2 agencies to target at-risk teen-agers Joint grant to set up group therapy plan

July 14, 1998|By Jill Hudson Neal | Jill Hudson Neal,SUN STAFF

Two of Howard County's most vocal anti-violence agencies have formed a partnership aimed at keeping at-risk teen-agers out of trouble and out of jail.

The Domestic Violence Center of Howard County and the Sexual Trauma Treatment, Advocacy and Recovery Center (STTAR) have received a $55,000 grant to fund Youth Intervention Partnership, a 10-week group therapy program for high-risk youth.

The partnership between STTAR and the Domestic Violence Center is a logical one, said Cheryl DePetro, STTAR's executive director.

"Statistically, we know that these kids have come from violent homes where they have witnessed violence or been abused themselves," she said.

"If these kids are in this environment and witness this kind of behavior, they're right on the edge, and many end up in the juvenile justice system at a pretty young age."

The number of juveniles involved in delinquent or criminal activity is rising every year in Howard County. In 1996 -- the last year official statistics were available -- 2,319 youths were arrested or received citations.

Judy Clancy, executive director of the Domestic Violence Center, said an unusually high percentage of children who have gotten into trouble for delinquent offenses "have family problems related to domestic violence or sexual abuse."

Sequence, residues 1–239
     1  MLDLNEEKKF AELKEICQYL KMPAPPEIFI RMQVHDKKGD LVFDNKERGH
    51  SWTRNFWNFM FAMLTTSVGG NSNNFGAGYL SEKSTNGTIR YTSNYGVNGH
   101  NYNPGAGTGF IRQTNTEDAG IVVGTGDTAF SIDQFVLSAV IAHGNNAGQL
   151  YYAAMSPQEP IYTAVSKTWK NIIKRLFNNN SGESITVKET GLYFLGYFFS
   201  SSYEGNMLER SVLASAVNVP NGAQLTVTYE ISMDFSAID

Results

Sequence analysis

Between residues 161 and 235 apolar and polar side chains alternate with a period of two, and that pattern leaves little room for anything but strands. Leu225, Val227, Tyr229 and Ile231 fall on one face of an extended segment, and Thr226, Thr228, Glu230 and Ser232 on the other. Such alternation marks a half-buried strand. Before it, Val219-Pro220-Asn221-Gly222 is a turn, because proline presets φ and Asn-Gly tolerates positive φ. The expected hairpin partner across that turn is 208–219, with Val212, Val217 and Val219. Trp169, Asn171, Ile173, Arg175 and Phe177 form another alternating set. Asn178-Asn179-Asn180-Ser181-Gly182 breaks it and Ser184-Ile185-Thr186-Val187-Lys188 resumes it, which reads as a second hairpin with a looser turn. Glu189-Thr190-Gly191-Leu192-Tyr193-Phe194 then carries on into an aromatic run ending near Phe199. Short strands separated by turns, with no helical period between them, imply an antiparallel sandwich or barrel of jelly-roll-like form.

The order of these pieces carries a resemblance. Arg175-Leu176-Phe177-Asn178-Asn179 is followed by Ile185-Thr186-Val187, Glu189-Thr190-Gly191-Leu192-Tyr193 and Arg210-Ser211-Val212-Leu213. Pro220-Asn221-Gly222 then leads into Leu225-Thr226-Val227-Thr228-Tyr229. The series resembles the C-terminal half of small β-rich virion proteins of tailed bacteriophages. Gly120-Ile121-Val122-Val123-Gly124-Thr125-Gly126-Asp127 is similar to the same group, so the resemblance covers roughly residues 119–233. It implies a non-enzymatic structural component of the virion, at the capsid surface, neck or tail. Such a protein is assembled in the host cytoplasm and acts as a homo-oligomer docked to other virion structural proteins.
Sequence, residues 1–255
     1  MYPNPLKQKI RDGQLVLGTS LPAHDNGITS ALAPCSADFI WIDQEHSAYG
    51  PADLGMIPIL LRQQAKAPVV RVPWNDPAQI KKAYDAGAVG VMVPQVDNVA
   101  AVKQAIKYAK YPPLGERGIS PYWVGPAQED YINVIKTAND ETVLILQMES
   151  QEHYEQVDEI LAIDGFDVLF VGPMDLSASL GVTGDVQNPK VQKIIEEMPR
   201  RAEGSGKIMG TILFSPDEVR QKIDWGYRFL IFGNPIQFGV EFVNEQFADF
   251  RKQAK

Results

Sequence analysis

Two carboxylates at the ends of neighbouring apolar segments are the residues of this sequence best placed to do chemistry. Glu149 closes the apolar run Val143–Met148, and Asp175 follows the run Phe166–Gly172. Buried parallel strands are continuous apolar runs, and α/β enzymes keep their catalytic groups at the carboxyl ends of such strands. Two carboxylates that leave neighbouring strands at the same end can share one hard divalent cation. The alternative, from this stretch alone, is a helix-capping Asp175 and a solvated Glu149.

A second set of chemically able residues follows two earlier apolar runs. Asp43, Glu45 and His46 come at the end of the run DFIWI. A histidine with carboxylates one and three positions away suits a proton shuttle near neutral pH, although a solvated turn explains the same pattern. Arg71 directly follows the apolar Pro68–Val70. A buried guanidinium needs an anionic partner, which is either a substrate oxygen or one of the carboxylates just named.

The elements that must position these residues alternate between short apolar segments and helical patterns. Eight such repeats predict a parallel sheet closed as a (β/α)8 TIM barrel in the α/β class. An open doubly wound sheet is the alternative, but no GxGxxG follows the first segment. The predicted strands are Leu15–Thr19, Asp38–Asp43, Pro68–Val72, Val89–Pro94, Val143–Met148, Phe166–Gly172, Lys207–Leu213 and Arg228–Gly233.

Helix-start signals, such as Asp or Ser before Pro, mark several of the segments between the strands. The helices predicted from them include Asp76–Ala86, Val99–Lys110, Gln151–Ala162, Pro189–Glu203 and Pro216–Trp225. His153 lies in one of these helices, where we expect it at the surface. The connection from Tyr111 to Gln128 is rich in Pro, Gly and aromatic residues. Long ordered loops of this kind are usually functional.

"It makes sense for us to pair up with the folks at STTAR and use the expertise we have to develop a therapy group," she added.

Clancy said the targeted youth are at high risk of dropping out of school, becoming teen-age parents, having low self-esteem, abusing drugs and alcohol and engaging in unprotected sex.

The grant -- awarded by the county Department of Citizen Services -- is effective immediately, though the program will not start until the school year begins in September, DePetro said.

The group will meet once a week for nearly two months in locations throughout the county.

About 90 young people, ages 14 to 18, are expected to participate in the project this year.

Counselors from STTAR and the Domestic Violence Center will work with the county Department of Juvenile Justice, the Juvenile Options Program of the Sheriff's Department, the county state's attorney's office, and the Alternative Education Program of the Howard County public school system.

Teen-agers who have run into trouble with the Department of Juvenile Justice and the Sheriff's Department will be referred to the therapy groups.

The team effort will be a first for Howard County, said Patricia Flanagan, supervisor of Howard's Department of Juvenile Justice.

"This program is a really good example of how state and local agencies are working together to look at certain risk factors for kids," Flanagan said.

Male and female co-therapists will lead the group therapy sessions. DePetro said many at-risk youth who have witnessed family violence may have been physically or sexually assaulted or had an absent parent.

The co-therapists will provide a positive "mother-father" role model of teamwork and positive gender roles.

Group therapy may not be what these teen-agers want, but it can be a powerful tool.

Group sessions "really encourage them to talk and communicate about things they wouldn't ordinarily talk about to adults," DePetro said.

"The best way to work with adolescents is to use the back-door approach to get them talking about violence, abuse and rape."

Pub Date: 7/14/98

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